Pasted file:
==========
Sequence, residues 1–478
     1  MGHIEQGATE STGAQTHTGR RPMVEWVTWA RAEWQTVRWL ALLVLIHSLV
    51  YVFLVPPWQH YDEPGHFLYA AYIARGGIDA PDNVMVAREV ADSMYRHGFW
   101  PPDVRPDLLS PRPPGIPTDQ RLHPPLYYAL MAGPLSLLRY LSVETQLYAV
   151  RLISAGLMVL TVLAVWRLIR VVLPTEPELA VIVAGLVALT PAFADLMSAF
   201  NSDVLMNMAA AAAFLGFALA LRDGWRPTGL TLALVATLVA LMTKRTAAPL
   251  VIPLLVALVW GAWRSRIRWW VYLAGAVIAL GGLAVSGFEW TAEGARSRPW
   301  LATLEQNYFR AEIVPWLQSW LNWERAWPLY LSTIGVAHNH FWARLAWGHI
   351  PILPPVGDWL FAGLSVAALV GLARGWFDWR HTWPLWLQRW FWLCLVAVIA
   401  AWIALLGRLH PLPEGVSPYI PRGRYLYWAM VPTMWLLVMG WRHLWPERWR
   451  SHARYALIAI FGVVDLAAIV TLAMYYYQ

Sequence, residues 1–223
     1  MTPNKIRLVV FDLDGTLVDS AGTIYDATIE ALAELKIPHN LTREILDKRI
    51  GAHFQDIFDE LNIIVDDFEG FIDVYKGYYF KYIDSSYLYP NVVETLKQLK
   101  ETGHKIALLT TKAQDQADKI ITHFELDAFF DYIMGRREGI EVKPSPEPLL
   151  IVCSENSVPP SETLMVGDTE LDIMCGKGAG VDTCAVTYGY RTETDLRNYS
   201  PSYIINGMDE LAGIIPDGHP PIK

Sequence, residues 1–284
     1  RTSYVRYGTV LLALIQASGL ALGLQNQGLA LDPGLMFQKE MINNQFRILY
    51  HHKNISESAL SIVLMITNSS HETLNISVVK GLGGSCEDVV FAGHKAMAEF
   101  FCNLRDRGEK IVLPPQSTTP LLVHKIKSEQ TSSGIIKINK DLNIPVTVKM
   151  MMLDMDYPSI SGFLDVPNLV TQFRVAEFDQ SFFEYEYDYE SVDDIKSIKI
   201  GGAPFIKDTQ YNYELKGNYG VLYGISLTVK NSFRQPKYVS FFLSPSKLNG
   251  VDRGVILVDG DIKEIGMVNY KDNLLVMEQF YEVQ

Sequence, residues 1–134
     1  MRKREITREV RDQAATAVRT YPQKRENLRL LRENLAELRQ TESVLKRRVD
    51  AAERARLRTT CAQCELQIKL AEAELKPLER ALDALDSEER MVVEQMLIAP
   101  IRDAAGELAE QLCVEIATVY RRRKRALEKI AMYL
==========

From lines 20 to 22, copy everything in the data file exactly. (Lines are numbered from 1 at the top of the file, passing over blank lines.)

    51  HHKNISESAL SIVLMITNSS HETLNISVVK GLGGSCEDVV FAGHKAMAEF
   101  FCNLRDRGEK IVLPPQSTTP LLVHKIKSEQ TSSGIIKINK DLNIPVTVKM
   151  MMLDMDYPSI SGFLDVPNLV TQFRVAEFDQ SFFEYEYDYE SVDDIKSIKI